7 © 2008 Prentice Hall8-7 Pioneers in Quality Management 5.) Find Problems. It is a management’s job to work continually on the system (design, incoming materials, composition of material, maintenance, improvement of machine, training, supervision, retraining) 6.) Institute modern methods of training on the job 7.) The responsibility of the foreman must be to change from sheer numbers to quality… [which] will automatically improve productivity. Management must prepare to take immediate action on reports from the foremen concerning barriers such as inherent defects, machines not maintained, poor tools, and fuzzy operational definitions. 8.) Drive out fear, so that everyone may work effectively for the company. 9.) Break down barriers between departments. People in research, design, sales and production must work as a team to foresee problems of production that may be encountered with various materials and specifications. 10.) Eliminate numerical goals, posters, slogans for the workforce, asking for new levels of productivity without providing methods. 11.) Eliminate work standards that prescribe numerical quotas. 12.) Remove barriers that stand between the hourly worker and his right of pride of workmanship. 13.) Institute a vigorous program of education and retraining. 14.) Create a structure in top management that will push every day on the above 13pts.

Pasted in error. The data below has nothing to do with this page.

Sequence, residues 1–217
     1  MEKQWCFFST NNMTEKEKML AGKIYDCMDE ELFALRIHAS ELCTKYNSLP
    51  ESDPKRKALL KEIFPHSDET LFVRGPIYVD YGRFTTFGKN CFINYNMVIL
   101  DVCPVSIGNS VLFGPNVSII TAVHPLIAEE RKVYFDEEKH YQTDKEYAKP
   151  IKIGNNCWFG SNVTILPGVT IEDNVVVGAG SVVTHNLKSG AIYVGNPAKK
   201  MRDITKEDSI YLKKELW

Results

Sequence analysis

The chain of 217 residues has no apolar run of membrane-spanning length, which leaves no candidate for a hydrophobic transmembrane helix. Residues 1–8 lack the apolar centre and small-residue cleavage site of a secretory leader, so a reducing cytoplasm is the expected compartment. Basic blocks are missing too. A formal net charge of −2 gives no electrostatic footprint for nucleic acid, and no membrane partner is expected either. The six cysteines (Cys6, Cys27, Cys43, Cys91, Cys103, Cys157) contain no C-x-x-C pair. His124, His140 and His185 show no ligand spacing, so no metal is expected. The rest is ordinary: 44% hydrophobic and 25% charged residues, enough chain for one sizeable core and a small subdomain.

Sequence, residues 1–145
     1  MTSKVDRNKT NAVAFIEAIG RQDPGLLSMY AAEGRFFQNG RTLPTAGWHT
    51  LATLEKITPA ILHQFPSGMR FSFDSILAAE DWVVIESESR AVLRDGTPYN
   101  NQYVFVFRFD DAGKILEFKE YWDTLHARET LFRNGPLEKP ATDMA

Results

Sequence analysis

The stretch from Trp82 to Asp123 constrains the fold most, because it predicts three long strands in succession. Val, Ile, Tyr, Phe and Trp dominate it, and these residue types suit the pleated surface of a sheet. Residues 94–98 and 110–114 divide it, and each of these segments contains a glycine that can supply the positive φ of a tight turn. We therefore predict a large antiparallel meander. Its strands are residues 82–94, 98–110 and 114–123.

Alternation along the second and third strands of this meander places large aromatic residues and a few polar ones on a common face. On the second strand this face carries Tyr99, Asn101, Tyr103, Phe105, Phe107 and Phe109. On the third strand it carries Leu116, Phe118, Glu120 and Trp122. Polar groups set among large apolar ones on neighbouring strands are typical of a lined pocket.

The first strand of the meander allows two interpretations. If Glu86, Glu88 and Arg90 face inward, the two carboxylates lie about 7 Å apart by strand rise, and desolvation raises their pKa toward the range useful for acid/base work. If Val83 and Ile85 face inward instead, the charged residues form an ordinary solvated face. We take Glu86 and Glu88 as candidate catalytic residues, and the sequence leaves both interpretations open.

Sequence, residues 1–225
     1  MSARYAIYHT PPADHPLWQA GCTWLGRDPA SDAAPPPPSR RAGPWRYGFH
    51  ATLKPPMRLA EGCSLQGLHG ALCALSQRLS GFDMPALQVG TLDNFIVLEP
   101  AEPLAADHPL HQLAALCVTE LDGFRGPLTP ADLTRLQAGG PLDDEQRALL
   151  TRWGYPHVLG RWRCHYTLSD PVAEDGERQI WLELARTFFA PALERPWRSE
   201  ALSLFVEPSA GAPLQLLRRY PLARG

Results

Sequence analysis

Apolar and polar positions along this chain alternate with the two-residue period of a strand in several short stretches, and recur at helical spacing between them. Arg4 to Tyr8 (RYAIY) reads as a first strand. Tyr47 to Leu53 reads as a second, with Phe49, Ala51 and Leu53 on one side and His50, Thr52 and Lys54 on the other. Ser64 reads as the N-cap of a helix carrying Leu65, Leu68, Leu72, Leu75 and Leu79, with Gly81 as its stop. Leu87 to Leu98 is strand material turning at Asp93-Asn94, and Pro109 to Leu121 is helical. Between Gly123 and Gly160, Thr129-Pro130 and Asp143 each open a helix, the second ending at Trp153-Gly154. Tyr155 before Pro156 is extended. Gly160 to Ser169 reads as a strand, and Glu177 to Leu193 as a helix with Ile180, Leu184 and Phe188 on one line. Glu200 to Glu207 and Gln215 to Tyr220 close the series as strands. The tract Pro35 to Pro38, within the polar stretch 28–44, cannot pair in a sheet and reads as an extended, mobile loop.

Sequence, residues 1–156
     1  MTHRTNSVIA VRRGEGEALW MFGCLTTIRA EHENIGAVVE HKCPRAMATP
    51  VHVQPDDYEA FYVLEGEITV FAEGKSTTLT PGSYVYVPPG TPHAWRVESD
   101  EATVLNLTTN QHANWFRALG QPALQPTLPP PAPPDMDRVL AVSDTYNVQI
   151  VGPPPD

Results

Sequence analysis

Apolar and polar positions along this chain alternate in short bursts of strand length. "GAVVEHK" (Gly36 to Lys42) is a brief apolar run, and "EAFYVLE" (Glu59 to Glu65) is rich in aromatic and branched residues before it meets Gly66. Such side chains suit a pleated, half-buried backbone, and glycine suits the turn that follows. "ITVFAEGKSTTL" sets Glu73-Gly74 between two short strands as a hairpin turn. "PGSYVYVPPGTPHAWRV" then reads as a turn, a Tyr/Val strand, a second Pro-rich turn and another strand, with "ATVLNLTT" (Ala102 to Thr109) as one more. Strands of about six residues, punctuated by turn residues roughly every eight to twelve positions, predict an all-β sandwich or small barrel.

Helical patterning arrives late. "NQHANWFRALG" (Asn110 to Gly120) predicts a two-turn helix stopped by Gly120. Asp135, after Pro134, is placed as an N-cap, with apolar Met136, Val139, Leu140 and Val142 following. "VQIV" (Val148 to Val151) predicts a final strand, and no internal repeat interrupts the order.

8 © 2008 Prentice Hall8-8 Pioneers in Quality Management Juran –Pareto Principle (80/20 rule) – “ 80% of a problem is caused by 20% of the causes). This is also known as the "vital few and the trivial many". In later years Juran has preferred "the vital few and the useful many" to signal that the remaining 80% of the causes should not be totally ignored.”

9 © 2008 Prentice Hall8-9 Crosby: Four Absolutes of Quality Management

10 © 2008 Prentice Hall8-10 Balanced Scorecard Developed by Kaplan & Norton 4 views of organizational activity –Learning and Growth –Business Process –Customer –Financial html

11 © 2008 Prentice Hall8-11 Quality Standards ISO9000 –Quality management focus Customer quality requirements Regulatory requirements Enhance customer satisfaction Continual improvement – Six Sigma –To achieve Six Sigma, a process must not produce more than 3.4 defects per million opportunities –Champion, Master Black Belt, Black Belt, Green Belt proficiency designations

12 © 2008 Prentice Hall8-12 Certificates/Awards Total Quality Management (TQM) –A description of the culture, attitude, and organization of a company that strives to provide customers with products and services that satisfy their needs –Emphasizes processes being done right the first time and defects and waste eradicated from operations